Saturday, October 14, 2017
I can do all things!
A good friend of mine often tells a story about an encounter he had with his father when he was a child. One day, Mike was in his bedroom when he heard a sound on the roof outside his window. He looked out just in time to see a figure quickly making his way into the room next door through window. The room was his Dad’s study. Mike rushed into the hallway and knocked on that door. He heard some commotion and his father’s voice, “Just a minute.” A few moments later, his Dad opened the door hastily buttoning up his shirt. But, as the shirt closed, Mike could see clearly below the large “S” emblem of the son of Krypton. Mike had just realized that his Dad was Superman! His mild-mannered Dad who worked for the state by day, was secretly the Man of Steel during his off hours. I always love that story.
Anyone my age or older will remember watching Superman on television. You would hear those words, “Look! Up in the sky! It’s a bird! It’s a plane! It’s Superman!” And, then you’d run to the TV to hear the rest, he was, “Faster than a speeding bullet! More powerful than a locomotive! Able to leap tall buildings in a single bound! Yes, it’s Superman, strange visitor from another planet, who came to Earth with powers and abilities far beyond those of mortal men. Superman, who can change the course of mighty rivers, bend steel in his bare hands, and who, disguised as Clark Kent, mild-mannered reporter for a great metropolitan newspaper, fights a never-ending battle for truth, justice and the American way.”
Now, when we were kids, we all wanted to be Superman. We ran around with towels tied around our necks to serve as a cape, and jumped off of higher and higher pieces of furniture to our parents fright, and we would debate about which power of Superman’s we’d most like to have – I always wanted to fly! And, yes, as kids we were faster than a speedy tricycle, more powerful than our little brothers, and could leap tall ottomans in a single bound!
I was thinking of this as I was reflecting on the Word of God we heard today from our second reading, from St. Paul’s Letter to the Philippians. St. Paul said something utterly incredible today. He said, “I can do all things in Him who strengthens me.” I can do all things. And, isn’t this is our dream? This is perhaps the more adult version of wanting to be Superman. We want to be able to do all things. We want to be invincible. We want to be beyond the reach of anything that could harm us. We want to be the hero or heroine in our families and in our communities.
But, the reality is that we, all too often, feel helpless, not heroic, against the challenges of life. We struggle with our own faith. We struggle with trying to have the greatest marriage, the perfect children, the happiest life. But into those moments of doubt and struggle, let us hear Paul’s words again, “I can do all things in Him who strengthens me.” So, what does St. Paul mean?
Well, when Paul claims “I can do all things” he doesn’t mean that he can fly, or bend steel with his bare hands. He’s not saying that he can travel to the moon, or visit heaven at whim. He is not saying that he can paint like Rembrandt, compose like Mozart, write like Shakespeare, or theorize like Einstein. But what he does mean is that when he invites God into the daily joys and struggles of his life, he and God will meet them together, and God will always make them better by His presence, and will lead us to the best outcome if we surrender our will to His. Jesus is always waiting to fill us with His presence. To fill our struggles with His love.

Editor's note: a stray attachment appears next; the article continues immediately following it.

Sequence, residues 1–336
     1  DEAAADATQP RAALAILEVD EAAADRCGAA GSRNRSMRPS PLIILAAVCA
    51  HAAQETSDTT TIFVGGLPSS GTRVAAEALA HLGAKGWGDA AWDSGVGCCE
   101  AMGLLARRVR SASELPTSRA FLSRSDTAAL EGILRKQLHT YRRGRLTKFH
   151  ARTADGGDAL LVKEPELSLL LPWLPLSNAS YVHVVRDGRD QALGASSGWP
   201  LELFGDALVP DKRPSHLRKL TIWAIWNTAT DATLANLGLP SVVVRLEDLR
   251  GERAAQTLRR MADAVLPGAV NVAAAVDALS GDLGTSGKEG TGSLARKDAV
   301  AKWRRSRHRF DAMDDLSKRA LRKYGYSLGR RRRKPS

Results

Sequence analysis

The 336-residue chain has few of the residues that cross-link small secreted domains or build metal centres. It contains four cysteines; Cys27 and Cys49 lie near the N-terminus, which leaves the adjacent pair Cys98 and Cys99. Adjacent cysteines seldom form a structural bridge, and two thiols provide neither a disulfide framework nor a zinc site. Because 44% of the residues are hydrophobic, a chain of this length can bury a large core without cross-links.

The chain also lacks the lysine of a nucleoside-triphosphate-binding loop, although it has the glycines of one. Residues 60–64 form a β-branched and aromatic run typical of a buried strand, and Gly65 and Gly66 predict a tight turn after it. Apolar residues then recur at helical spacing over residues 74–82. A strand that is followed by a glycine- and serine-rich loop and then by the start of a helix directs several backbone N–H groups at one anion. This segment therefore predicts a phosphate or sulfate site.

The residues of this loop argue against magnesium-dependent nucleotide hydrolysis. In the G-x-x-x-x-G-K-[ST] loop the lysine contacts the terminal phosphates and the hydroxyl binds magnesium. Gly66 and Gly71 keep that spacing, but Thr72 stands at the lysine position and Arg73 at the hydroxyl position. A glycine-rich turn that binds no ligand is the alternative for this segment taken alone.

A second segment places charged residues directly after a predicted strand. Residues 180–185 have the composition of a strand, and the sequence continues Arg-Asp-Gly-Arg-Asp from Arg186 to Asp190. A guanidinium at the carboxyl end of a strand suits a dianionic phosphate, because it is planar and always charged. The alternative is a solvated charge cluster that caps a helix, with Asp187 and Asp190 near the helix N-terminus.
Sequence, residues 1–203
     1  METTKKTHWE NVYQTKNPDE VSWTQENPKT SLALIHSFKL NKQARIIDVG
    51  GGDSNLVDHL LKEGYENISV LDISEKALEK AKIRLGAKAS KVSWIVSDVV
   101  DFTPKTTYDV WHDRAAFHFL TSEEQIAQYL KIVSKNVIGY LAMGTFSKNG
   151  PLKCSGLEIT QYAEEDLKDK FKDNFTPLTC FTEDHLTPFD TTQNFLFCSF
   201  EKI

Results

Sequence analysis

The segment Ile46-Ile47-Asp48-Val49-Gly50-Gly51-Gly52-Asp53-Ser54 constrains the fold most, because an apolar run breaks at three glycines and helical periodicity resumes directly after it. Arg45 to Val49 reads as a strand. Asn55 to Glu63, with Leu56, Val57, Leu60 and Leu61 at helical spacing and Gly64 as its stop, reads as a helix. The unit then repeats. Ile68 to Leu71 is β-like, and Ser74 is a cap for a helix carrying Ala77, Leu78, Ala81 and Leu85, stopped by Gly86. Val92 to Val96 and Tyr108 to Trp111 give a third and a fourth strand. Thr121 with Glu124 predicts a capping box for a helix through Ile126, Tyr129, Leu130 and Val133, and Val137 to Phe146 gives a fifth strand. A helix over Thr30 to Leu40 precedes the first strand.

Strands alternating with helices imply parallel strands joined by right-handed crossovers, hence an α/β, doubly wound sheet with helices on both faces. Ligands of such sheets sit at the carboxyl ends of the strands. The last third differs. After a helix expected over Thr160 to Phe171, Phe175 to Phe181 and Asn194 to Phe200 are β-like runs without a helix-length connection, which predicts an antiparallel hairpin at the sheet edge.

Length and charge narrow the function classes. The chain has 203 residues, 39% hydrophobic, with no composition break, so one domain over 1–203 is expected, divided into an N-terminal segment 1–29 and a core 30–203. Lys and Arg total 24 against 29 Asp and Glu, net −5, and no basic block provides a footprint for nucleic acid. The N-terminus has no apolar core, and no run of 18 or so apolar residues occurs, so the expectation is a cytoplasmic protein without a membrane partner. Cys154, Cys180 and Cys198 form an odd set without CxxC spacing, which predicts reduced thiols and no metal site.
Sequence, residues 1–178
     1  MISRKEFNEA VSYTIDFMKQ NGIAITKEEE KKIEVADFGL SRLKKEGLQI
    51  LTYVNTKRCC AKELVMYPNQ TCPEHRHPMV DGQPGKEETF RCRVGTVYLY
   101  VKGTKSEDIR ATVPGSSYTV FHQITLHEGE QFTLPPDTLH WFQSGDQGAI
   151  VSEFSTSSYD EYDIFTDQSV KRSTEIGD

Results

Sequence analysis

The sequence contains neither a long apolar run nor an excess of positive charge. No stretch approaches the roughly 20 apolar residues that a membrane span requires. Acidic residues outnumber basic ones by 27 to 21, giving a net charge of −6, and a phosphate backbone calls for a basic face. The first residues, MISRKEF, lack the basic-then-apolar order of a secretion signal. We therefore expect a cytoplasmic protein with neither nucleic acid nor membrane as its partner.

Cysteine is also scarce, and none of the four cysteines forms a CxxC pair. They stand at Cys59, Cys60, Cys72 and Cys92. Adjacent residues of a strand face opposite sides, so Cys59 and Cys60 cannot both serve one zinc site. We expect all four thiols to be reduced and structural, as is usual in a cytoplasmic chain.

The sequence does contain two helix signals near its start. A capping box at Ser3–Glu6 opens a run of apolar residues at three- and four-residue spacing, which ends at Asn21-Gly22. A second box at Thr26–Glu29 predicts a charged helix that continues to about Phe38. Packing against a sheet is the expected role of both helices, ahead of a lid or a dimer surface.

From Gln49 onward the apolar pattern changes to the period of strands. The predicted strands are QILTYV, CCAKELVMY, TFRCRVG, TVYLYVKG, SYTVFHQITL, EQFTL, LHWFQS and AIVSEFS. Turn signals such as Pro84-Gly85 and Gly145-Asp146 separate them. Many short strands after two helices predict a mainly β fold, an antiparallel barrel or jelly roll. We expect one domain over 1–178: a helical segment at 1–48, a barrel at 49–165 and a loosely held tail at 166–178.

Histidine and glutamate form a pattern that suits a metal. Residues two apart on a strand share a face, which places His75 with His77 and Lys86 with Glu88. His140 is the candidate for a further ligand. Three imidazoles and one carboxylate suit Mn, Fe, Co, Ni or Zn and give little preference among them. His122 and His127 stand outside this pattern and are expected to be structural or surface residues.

If you know enough of the story of Superman, you know that back on his home planet, he would be just another ordinary man. It is earth’s yellow sun that gives Superman extraordinary strength and abilities here. My friends, it is the very same for you and for me. We do well to remember that the Son also gives us our greatest strength, but not the sun in the sky, for us it is the Son of God who we are humbled to receive in the Eucharist at each and every Mass. When we humbly open our lives to God and truly receive Him in the Eucharist, we are filled with a strength that was previously unimaginable. And isn’t that why we are here week after week?
We can be tempted to look at the pressure we’re under, the mountains we must climb, the burdens we bear, and we say, “I just can’t do it. It’s too much!” And in those moments, let us remember today’s words, “I can do all things with him who strengthens me.” My friends, we can climb any mountain, we can bear any load, we can endure any pain, we can overcome any temptation, and we bear any struggle with the God who gives us strength, who fills those struggles with His presence.
“In every circumstance and in all things, I have learned the secret…I can do all things in him who strengthens me.” Let God strengthen you today through this Holy Mass, and you too will do all things.
May the Lord give you peace.
HOMILY FOR THE 3rd SUNDAY OF ADVENT, December 16, 2018: There was a particular monastery a while back had reached a point of crisis. The ...
HOMILY FOR THE 20th SUNDAY IN ORDINARY TIME, August 19, 2018: More than 800 years ago, the Catholic church was caught up in the midst of p...
HOMILY FOR THE 21st SUNDAY IN ORDINARY TIME, August 26, 2018: There was a story in the New York Times this week that really caught my atte...